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1981: Gunmen shoot civil rights campaigner

VIDEO : News report on the McAliskey shooting

The Northern Ireland civil rights campaigner and former Westminster MP, Bernadette McAliskey, has been shot by gunmen who burst into her home at Coalisland in County Tyrone.

The three men shot Mrs McAliskey, formerly known as Bernadette Devlin, in the chest, arm and thigh as she went to wake up one of her three children.

Her husband, Michael, was also shot twice at point blank range.

Three men are now being questioned by police. They were arrested by members of the Parachute Regiment, who were on patrol nearby when they heard the shots.

The McAliskeys were flown by army helicopter to hospital in Belfast, where their condition is said to be serious, but not life-threatening.

Loyalists blamed

Police say it was a professional attack. The gunmen cut the telephone wires to the house, before breaking down the front door with a sledgehammer.

Loyalist paramilitaries are being blamed for the attack.

Mrs McAliskey has played a leading role in the campaign for Republican prisoners in the Maze, who are demanding "prisoner of war" or political status. They want to be held separately from loyalist supporters in the Maze.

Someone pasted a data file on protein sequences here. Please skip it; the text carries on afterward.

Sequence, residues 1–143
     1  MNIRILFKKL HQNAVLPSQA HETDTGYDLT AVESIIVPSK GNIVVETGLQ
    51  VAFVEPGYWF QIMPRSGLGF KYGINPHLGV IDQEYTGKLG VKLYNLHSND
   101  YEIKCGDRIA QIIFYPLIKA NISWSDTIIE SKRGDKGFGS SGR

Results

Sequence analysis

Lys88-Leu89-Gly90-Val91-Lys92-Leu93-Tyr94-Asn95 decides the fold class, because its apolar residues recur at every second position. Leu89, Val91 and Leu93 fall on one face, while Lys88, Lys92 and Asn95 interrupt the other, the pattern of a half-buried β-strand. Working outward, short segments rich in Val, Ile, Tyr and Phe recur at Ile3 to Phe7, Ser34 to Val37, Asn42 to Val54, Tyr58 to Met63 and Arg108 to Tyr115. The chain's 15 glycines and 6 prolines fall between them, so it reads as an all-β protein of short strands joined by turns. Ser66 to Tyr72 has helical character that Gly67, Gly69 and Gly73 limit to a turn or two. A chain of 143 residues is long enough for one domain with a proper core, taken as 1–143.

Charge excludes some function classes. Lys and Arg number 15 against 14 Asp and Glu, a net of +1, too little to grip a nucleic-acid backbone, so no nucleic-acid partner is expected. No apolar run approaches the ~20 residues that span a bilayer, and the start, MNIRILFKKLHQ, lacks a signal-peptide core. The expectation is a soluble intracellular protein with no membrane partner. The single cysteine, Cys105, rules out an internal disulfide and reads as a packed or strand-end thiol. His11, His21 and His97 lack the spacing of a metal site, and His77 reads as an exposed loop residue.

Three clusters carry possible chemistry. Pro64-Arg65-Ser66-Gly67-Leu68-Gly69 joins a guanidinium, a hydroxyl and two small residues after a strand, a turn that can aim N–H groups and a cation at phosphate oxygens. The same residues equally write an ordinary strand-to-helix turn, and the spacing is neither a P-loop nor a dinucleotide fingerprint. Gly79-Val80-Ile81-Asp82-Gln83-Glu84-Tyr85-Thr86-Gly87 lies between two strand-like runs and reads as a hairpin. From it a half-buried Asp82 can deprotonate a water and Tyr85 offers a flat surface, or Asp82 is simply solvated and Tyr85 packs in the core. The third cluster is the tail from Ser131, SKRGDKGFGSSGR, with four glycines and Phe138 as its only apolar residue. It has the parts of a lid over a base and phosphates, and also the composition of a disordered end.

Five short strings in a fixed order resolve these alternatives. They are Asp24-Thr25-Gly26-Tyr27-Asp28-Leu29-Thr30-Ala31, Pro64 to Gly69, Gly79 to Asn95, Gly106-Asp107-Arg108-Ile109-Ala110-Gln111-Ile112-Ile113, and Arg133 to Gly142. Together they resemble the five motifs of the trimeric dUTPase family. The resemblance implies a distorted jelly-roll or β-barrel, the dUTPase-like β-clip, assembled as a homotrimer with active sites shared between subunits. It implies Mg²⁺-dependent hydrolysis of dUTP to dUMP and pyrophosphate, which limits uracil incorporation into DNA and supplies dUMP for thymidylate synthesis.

Four other members of the campaign for the H-block inmates have been murdered.

Seven Maze prisoners went on hunger strike before Christmas in support of their demands for political status.

The strike was called off on 12 December after Irish Prime Minister Charles Haughey convinced the inmates their families wanted them to start eating again.

In Context
Bernadette McAliskey was the youngest-ever woman MP when she was elected at the age of 21 in 1969.

She served as the Independent Unity member for Mid Ulster from 1969-73.

As an MP, she continued to champion the cause of catholics in Northern Ireland. She was imprisoned for her part in the sectarian riots in Londonderry in August 1969, which led to the deaths of five people and the deployment of troops in the province.

After her marriage in 1974 she faded from public view until her involvement in the H-block campaign.

In October 1993, she gave evidence to a court in San Francisco on behalf of James Smyth, who escaped from the Maze in 1983. He was fighting the British government's attempts to extradite him.

More recently, Mrs McAliskey fought the extradition of her daughter, Roisin, to Germany, where she is wanted for questioning about the IRA bombing of the Osnabruck base in 1996.

Roisin's extradition to Germany was blocked in March 1998 by the Home Secretary, Jack Straw, on medical grounds.


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